Kristin Dickinson is an Assistant Professor in the Department of Germanic Languages and Literatures, for which she also serves as the Faculty Ally for Diversity. Her research on contemporary German and Turkish literature examines the potential of translation, as both a formal and a social medium, to intervene in nationalist ideologies and nationally structured areas of study. Her teaching and publications have focused on questions of world literature, multilingualism and cross-linguistic remembrance, the reappropriation of ethnic slurs, nationalism and the history of language reform, and non-ethnic modes of belonging. At the core of her research lies an interest in challenging racial and ethnic definitions of German- and Turkishness.
Mary Rodena Krasan is a lecturer in the Department of Germanic Languages and Literatures. She earned her doctorate in Germanic Languages and Literatures from Washington University in St. Louis. Her research interests include: postcolonialism; the German colonial imagination as reflected in German Science Fiction and Fantasy; and the intersectionality of technology and pedagogy. She has won the Lecturer of the Year award (2016), the ITC Level II award (2014), and the NINI grant (2015) for new innovations. Her emphasis on a student-centered, inclusive, forward-thinking environment for the classroom now carries over into her additional role as undergraduate advisor for the German Department at the University of Michigan.
Mary Hennessy is a doctoral candidate in German Studies and graduate certificate student in Film, Television, and Media. Her research interests span German film history, twentienth-century literature and culture, media theory, and gender studies. She is currently completing her dissertation, Handmaidens of Modernity: Gender, Labor, and Media in Weimar Germany, which examines the relationships among gender, labor, and new media technologies in early twentieth century Germany, focusing in particular on women's roles as telephone operators, typists, and film editors. Mary's research has attracted the support of the University of Michigan Institute for Research on Women and Gender, the Institute for the Humanities, the German Academic Exchange Service (DAAD), and the Fulbright Program.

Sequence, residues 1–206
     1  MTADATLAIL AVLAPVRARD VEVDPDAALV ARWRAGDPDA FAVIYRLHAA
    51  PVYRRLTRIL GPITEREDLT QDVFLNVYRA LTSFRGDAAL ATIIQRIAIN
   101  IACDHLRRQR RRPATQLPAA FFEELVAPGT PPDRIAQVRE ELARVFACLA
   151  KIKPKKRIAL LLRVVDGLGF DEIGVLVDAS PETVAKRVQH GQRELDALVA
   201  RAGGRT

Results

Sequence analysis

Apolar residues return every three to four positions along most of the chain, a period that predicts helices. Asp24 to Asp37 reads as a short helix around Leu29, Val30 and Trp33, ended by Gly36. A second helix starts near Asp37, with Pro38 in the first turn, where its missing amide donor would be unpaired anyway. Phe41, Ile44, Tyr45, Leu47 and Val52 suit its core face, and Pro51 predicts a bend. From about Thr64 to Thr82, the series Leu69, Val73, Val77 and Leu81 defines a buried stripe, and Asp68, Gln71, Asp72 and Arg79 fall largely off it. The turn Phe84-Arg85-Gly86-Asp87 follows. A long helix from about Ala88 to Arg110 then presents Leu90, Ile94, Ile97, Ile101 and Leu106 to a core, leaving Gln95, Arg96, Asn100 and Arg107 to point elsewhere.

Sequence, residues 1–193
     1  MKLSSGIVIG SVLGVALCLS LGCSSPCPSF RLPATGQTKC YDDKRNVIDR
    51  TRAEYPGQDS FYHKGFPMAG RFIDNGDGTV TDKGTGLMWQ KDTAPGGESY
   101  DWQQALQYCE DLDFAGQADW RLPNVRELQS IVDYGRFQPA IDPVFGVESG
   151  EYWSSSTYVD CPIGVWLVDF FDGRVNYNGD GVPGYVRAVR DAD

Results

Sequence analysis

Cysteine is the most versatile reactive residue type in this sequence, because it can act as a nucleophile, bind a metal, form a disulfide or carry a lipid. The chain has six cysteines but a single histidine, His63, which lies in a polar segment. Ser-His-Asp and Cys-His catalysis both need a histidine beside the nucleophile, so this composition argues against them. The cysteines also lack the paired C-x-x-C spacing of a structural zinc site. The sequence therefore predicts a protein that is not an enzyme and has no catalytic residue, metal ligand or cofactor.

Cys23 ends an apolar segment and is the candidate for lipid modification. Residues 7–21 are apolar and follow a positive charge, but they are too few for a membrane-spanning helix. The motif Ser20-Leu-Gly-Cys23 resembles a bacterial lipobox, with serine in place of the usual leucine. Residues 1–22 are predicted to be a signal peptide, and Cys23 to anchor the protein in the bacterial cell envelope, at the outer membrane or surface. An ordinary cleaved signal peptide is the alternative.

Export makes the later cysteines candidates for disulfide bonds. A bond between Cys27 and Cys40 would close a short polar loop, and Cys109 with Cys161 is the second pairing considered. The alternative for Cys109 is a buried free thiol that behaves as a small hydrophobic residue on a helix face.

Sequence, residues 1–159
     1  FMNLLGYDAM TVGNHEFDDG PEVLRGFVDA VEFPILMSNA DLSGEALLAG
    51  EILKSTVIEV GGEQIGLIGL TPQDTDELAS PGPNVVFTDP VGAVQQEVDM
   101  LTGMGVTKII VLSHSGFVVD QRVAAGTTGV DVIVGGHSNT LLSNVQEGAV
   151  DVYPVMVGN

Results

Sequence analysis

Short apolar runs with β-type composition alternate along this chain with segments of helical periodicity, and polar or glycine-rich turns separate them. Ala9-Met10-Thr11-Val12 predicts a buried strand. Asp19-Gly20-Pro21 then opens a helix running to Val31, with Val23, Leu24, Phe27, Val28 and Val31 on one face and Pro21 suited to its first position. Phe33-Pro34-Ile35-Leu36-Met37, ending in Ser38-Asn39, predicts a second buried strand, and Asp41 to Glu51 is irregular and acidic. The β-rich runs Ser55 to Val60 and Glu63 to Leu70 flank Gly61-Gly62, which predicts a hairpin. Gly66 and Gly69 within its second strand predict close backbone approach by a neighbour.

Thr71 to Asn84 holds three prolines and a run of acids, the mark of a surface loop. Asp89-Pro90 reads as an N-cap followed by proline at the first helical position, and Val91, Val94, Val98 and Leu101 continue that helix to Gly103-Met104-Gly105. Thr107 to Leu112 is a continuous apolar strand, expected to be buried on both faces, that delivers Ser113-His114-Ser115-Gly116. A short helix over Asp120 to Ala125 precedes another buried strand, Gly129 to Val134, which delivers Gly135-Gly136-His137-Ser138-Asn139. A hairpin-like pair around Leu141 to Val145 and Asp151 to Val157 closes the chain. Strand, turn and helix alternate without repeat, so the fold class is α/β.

Mary has published two peer-reviewed, award-winning articles that reflect her broad research interests in German film history. Her essay on Rainer Werner Fassbinder’s 1974 film Martha uses a transnational, comparative framework to focus on the film’s relationship to the 1940s Hollywood paranoid woman’s film and to Douglas Sirk’s 1950s Hollywood melodramas. This piece received the American Association of Teachers of German award for best article in German Studies and was subsequently published in The German Quarterly. Her second article, published in Camera Obscura, traces a genealogy of the contemporary Berlin School to German film culture of the 1970s. Insisting on a feminist understanding of the term “counter-cinema,” she examines the relationships between photography, subjectivity, and the politics of the image in Helke Sander’s Redupers (1978) and Angela Schanelec’s Marseille (2004). This article received the 2018 Women in German Best Article Prize.
At Michigan, Mary has taught courses in German and in Film, Television, and Media. In 2016, she received the Frank X. Braun Memorial Graduate Student Instructor Award in 2016 for her introductory German film course. Before joining the German department, she earned her B.A. in Political Science at St. Edward’s University in Austin, Texas, and her M.A. in European Studies from Indiana University Bloomington, where she wrote a master's thesis on affect in the films of Fatih Akin.